A unarmed black man was shot and killed by a white Madison, Wisconsin, police officer after a struggle inside an apartment, sparking demonstrations after his death.
The state's Department of Justice's Division of Criminal Investigation is investigating the Friday shooting of Tony Robinson, officials said today. Wisconsin law requires an outside agency to investigate officer-involved shootings.
"We all deserve to know the facts in this case," Madison Mayor Paul Soglin said in a statement Saturday. "Tony Robinson's family deserves that, our community deserves that, and the Madison Police deserve that. When the answers come, we will be open and transparent in communicating them."
Robinson, 19, was jumping in and out of traffic on Friday night and allegedly responsible for a recent battery, Madison Police Chief Mike Koval said.
Madison Police Officer Matt Kenny, a 12-year veteran of the department, went to an apartment where he thought Robinson had gone, Koval said. The officer heard a disturbance inside and entered, where an altercation with Robinson began, the police chief said.
Koval said Kenny then shot Robinson, who later died at the hospital.
"Nineteen years old is too young," Koval said at a news conference, adding that Robinson was unarmed.
"He was a great kid. He is a great kid," said Robinson's grandmother, Sharon Irwin. The family was expected to make a statement during a news conference Saturday afternoon.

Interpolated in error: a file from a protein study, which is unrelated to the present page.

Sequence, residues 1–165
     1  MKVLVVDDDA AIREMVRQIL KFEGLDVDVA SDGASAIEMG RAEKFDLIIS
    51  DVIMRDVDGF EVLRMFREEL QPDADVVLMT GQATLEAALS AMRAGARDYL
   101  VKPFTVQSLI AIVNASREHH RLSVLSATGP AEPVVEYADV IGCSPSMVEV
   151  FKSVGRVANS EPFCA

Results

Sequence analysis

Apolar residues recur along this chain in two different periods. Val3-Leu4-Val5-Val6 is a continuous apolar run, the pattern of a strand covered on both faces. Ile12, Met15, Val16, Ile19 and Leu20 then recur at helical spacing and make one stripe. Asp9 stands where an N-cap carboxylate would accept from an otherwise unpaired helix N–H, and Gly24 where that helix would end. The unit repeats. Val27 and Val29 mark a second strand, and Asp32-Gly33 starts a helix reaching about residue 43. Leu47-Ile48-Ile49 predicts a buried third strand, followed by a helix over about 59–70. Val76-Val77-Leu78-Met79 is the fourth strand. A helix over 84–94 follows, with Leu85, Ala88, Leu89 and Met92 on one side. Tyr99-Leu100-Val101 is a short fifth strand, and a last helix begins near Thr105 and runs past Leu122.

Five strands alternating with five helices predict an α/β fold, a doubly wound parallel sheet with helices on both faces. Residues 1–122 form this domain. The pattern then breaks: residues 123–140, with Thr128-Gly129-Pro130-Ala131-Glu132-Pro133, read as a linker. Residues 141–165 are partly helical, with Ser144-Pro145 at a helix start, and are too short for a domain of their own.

Kenny, 45, was also injured, said Koval, but his injuries were not disclosed. The officer was placed on administrative leave with pay pending the outcome of the investigation.
Kenny was involved in a police-involved shooting in 2007 and was exonerated of any wrongdoing, said Koval.
After the Robinson's death, demonstrations condemning the shooting began. A crowd gathered where the shooting happened and then left. Some people then headed to the downtown building that houses the Madison Police Department's Central District offices.
"His mother and father, siblings, relatives and friends lost a loved one. His parents are living their worst nightmare," Soglin said. "Our hearts, our thoughts go out to the family and friends who are grieving."
"As a parent, I can only imagine the heartbreak they must be feeling right now in the wake of this tragedy," Wisconsin Attorney General Brad Schimel said in a statement. "Likewise, I am concerned for the officer involved in this incident, who I imagine is experiencing great trauma, as well. They are all in my thoughts and prayers."
Schimel added that the department will conduct a "thorough, professional and transparent investigation."
ABC News' Joshua Hoyos, Corinne Cathcart, Michael DelMoro and The Associated Press contributed to this story.
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